Nikola EV Founder Sentenced to Jail: Only 2% of Car Trips in America are Over 50 Miles

This post really should have been titled:


It’s true. American car drivers travel less than 50 miles a whopping 98% of the time, yet that somehow is falsely interpreted by pundits as a worry about having long range.

The fixation on mileage may be misplaced, however, given Americans don’t actually tend to go all that far when they get behind the wheel. A 2022 study from the US Bureau of Transportation Statistics showed more than half of all daily trips – by any mode of transportation – were fewer than 3 miles (4.8km). In fact, only 2% were longer than 50 miles (80.4km).

What’s really going on? Americans absolutely hate being in or having to deal with a gas station.

Internet service providers ranked second-lowest on a list of 43 consumer industries, outperforming only gas stations.

The misery of pumping gas, due to private yet centrally planned and controlled fuel distribution spots, has created an expectation of “range” to stay away from dealing with the gas service providers more than any actual need for travel distance.

I’ll say it again, American “range” anxiety is entirely because gas stations suck. It has almost nothing to do with driving far, or even dreaming about some long range destination, it’s “how long before I’m back in gas station hell”.

Source: chaoticsymphony Flickr, 2007

Meanwhile, quality of life actually improves if the act of stopping at places people like to spend time also means their car is refueled, such as having nice lunch, visiting with others, taking a view or a nap. It’s like a horse being fed and watered when the rider dismounts at any destination. Natural, sensible.

The EV should have been able to target the gas station anxiety (capitalize on the inversion of models) to promote distributed, decentralized charging (refuel anywhere, anytime, from anything) as true freedom. Alas, Tesla stepped in and ruined the conversation with dumb “range” propaganda that falsely promoted itself instead.

The simple fact that Americans travel such short distances in their car ironically is the reason why grossly deceptive Tesla range fraud wasn’t exposed and discussed more widely early in its existence.

Tesla is facing a class-action lawsuit filed by customers who say they were misled by the company’s exaggerated range claims. The lawsuit was filed yesterday, days after a report revealed that Tesla exaggerated its electric vehicles’ range so much that many drivers thought their cars were broken.

Falsely advertising 300 mile range fantasies while delivering half that or less in reality, hasn’t hit Americans hard because so rarely did they actually drive far distances. They did complain however about their Tesla dashboard software, designed to lie, engineered for zero integrity.

Tesla employees had been instructed to thwart any customers complaining about poor driving range from bringing their vehicles in for service. Last summer, the company quietly created a “Diversion Team” in Las Vegas to cancel as many range-related appointments as possible.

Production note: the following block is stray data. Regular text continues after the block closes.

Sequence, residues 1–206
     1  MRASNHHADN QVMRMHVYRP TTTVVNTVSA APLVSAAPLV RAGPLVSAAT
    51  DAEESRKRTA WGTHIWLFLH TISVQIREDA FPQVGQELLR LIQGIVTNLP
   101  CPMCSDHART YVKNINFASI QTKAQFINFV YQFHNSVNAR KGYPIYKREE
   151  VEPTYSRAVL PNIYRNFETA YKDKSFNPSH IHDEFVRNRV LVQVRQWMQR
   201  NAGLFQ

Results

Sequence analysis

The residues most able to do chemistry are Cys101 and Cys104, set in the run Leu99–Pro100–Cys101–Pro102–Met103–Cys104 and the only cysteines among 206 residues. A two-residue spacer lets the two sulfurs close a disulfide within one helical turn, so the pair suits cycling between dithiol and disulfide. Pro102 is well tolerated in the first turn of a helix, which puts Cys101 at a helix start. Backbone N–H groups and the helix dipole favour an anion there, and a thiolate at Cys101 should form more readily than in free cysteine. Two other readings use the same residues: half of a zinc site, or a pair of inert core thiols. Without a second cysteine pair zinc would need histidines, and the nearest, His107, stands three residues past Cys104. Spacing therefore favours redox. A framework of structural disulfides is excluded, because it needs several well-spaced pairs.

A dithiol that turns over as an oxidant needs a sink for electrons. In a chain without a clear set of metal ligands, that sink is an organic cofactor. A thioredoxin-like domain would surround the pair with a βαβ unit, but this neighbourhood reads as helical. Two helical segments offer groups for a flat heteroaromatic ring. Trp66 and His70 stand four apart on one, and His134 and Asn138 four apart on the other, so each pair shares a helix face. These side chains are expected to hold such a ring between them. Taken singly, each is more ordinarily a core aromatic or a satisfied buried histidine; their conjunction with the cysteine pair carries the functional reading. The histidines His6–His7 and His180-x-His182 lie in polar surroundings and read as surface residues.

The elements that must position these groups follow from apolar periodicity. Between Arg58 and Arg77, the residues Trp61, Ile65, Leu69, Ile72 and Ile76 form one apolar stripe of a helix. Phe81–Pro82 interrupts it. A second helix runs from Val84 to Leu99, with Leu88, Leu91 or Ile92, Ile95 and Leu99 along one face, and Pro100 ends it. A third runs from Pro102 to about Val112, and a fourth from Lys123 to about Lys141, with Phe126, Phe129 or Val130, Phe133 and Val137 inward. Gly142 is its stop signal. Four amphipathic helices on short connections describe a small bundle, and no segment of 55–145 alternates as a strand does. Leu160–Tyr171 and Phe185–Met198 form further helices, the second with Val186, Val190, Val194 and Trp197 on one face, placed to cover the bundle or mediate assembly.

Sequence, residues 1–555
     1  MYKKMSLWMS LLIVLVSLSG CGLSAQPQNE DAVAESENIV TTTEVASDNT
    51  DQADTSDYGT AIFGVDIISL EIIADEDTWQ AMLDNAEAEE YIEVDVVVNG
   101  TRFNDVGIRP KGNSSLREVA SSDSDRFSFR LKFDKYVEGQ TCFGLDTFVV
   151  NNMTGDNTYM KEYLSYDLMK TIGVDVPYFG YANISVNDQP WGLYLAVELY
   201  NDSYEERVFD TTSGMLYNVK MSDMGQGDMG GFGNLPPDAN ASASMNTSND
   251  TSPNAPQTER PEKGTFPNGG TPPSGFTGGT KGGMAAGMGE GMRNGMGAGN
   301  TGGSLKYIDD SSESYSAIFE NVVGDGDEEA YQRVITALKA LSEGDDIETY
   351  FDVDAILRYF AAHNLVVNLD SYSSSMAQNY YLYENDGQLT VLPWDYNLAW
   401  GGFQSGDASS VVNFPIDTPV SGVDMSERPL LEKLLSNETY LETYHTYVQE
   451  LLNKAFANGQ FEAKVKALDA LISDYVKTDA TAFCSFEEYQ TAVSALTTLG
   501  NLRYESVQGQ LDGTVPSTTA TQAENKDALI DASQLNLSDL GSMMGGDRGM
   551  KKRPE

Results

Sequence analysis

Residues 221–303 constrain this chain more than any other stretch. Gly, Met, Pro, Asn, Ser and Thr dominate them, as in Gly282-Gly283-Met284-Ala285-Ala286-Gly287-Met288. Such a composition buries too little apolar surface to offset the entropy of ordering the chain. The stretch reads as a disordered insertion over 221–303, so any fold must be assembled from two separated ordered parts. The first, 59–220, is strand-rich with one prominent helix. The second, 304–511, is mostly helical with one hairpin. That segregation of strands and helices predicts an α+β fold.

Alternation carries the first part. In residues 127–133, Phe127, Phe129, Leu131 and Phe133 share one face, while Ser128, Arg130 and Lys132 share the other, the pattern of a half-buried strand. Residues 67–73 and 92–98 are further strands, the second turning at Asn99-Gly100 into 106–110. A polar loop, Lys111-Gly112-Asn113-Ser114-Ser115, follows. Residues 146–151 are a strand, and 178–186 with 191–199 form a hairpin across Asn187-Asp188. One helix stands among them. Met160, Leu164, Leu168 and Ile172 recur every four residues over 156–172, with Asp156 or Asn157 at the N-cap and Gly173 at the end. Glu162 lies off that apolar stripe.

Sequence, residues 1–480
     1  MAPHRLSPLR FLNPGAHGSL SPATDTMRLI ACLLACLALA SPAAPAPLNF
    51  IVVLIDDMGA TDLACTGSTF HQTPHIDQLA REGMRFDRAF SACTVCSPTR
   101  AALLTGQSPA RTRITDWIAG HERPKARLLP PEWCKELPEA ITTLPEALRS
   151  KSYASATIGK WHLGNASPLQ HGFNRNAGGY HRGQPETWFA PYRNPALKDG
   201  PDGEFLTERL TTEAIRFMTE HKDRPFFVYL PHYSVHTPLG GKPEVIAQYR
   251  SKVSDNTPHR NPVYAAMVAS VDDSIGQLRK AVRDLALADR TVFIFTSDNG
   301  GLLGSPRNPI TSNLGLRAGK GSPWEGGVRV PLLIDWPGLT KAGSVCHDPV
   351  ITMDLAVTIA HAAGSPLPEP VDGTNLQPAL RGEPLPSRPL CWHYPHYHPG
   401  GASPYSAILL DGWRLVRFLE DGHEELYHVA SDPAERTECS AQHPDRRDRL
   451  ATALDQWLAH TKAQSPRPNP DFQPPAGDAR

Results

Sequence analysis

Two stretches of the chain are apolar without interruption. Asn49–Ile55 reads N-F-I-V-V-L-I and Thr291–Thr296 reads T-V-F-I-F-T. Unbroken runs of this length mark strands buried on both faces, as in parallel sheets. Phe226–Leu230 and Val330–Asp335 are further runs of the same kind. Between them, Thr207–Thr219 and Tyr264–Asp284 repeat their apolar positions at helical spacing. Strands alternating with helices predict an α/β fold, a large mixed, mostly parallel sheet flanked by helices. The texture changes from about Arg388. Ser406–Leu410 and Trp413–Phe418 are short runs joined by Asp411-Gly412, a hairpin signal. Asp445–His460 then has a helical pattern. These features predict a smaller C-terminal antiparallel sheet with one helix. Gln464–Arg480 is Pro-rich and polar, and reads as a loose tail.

The disaster was self-inflicted, as a Lance Armstrong level of carefully created evil, where fake victories were celebrated as a “net” improvement. Elon Musk arrogantly gambled that nobody ever would hold Tesla accountable for cheating.

The directive to present the optimistic range estimates came from Tesla Chief Executive Elon Musk, this person said. “Elon wanted to show good range numbers when fully charged,” the person said, adding: “When you buy a car off the lot seeing 350-mile, 400-mile range, it makes you feel good.” […] Driving range is among the most important factors in consumer decisions on which electric car to buy, or whether to buy one at all. So-called range anxiety – the fear of running out of power before reaching a charger – has been a primary obstacle to boosting electric-vehicle sales.

There you have it. Elon Musk inflamed unfounded anxiety and false fears in order to aggressively proclaim he was the only one who could save people from short range when that was NOT the actual anxiety.

This bait and switch certainly impacted better engineered cars like the Nissan LEAF, which had been the best selling battery electric vehicle into 2019 with an honest range about the same as the actual Tesla range… again, about half of the fake range Elon Musk advertised.

It’s a notorious fascist strategy to artificially corner people using fear into becoming radical “believers”, a tactic very harmful to any market. Not only is Tesla undermining fair commerce with their overt swindles (stealing real business to replace it with fraud), more generally they completely disrespect law and order with highly planned deception.

Now, in some obviously related news today:

The founder of an electric truck start-up that was popular in the US has been sentenced to four years in prison.

Trevor Milton, who led Nikola Corporation, was convicted of fraud last year after a jury found he had lied persistently about the company.


“Over the course of many months, you used your considerable social media skills to tout your company in ways that were materially false,” said Judge Edgardo Ramos.

“What you said over and over on different media outlets was wrong,” the judge added.

It is hard to believe Elon Musk wasn’t thrown in jail for the exact same fraud by 2019. Hundreds of people are dead unnecessarily, the blood on his hands far worse than any other car company. Why are the egregious crimes of Musk so slow to be prosecuted, leaving so many dead, yet his philosophical peers like Milton, Holmes, and Bankman-Fried already are being locked up?

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